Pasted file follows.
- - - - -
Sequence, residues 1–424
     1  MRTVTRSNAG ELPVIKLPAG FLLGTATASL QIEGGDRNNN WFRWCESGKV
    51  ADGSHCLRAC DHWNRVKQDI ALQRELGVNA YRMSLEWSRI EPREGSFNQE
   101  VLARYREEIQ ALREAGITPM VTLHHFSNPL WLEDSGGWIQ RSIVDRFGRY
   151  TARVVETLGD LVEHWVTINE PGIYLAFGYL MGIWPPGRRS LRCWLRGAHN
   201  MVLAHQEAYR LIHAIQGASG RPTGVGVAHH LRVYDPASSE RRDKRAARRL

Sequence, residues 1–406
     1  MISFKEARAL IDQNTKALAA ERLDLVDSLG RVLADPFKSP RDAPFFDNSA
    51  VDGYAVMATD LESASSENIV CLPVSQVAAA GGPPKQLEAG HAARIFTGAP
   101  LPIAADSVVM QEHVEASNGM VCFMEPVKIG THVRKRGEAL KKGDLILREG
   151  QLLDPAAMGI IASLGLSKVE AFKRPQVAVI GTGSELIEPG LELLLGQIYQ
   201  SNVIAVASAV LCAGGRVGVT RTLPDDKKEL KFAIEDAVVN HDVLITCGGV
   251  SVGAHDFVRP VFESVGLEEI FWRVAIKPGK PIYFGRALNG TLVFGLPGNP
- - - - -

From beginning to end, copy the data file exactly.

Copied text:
Sequence, residues 1–424
     1  MRTVTRSNAG ELPVIKLPAG FLLGTATASL QIEGGDRNNN WFRWCESGKV
    51  ADGSHCLRAC DHWNRVKQDI ALQRELGVNA YRMSLEWSRI EPREGSFNQE
   101  VLARYREEIQ ALREAGITPM VTLHHFSNPL WLEDSGGWIQ RSIVDRFGRY
   151  TARVVETLGD LVEHWVTINE PGIYLAFGYL MGIWPPGRRS LRCWLRGAHN
   201  MVLAHQEAYR LIHAIQGASG RPTGVGVAHH LRVYDPASSE RRDKRAARRL

Sequence, residues 1–406
     1  MISFKEARAL IDQNTKALAA ERLDLVDSLG RVLADPFKSP RDAPFFDNSA
    51  VDGYAVMATD LESASSENIV CLPVSQVAAA GGPPKQLEAG HAARIFTGAP
   101  LPIAADSVVM QEHVEASNGM VCFMEPVKIG THVRKRGEAL KKGDLILREG
   151  QLLDPAAMGI IASLGLSKVE AFKRPQVAVI GTGSELIEPG LELLLGQIYQ
   201  SNVIAVASAV LCAGGRVGVT RTLPDDKKEL KFAIEDAVVN HDVLITCGGV
   251  SVGAHDFVRP VFESVGLEEI FWRVAIKPGK PIYFGRALNG TLVFGLPGNP